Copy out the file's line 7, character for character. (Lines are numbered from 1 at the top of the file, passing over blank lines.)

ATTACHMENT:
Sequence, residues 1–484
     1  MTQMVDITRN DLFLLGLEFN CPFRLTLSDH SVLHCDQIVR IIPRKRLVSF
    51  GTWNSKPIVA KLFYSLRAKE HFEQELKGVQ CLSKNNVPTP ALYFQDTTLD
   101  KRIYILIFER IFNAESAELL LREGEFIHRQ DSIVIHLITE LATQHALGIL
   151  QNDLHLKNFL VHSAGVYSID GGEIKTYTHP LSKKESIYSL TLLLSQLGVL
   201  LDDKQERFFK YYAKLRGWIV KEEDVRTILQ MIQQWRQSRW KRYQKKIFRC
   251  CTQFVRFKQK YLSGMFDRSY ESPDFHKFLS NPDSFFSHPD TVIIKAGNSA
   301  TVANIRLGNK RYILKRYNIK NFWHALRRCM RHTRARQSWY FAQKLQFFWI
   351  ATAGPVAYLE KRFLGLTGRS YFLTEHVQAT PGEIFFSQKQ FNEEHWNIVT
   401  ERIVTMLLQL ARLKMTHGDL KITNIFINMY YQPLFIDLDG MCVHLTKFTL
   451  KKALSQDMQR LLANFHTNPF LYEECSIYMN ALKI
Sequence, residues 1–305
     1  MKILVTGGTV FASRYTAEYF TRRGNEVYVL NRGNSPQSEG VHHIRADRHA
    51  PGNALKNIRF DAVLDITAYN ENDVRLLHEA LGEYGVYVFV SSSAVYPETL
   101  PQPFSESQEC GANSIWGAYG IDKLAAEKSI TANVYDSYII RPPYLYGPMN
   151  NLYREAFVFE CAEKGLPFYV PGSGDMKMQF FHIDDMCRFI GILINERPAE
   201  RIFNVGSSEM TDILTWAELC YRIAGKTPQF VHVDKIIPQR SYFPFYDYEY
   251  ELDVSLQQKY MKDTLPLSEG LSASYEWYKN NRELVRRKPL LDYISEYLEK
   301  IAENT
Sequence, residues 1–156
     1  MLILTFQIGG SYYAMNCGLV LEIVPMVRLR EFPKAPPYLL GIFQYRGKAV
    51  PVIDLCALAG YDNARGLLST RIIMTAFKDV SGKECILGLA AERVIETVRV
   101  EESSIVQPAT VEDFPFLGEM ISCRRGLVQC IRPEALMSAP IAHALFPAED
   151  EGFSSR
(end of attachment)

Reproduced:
   251  CTQFVRFKQK YLSGMFDRSY ESPDFHKFLS NPDSFFSHPD TVIIKAGNSA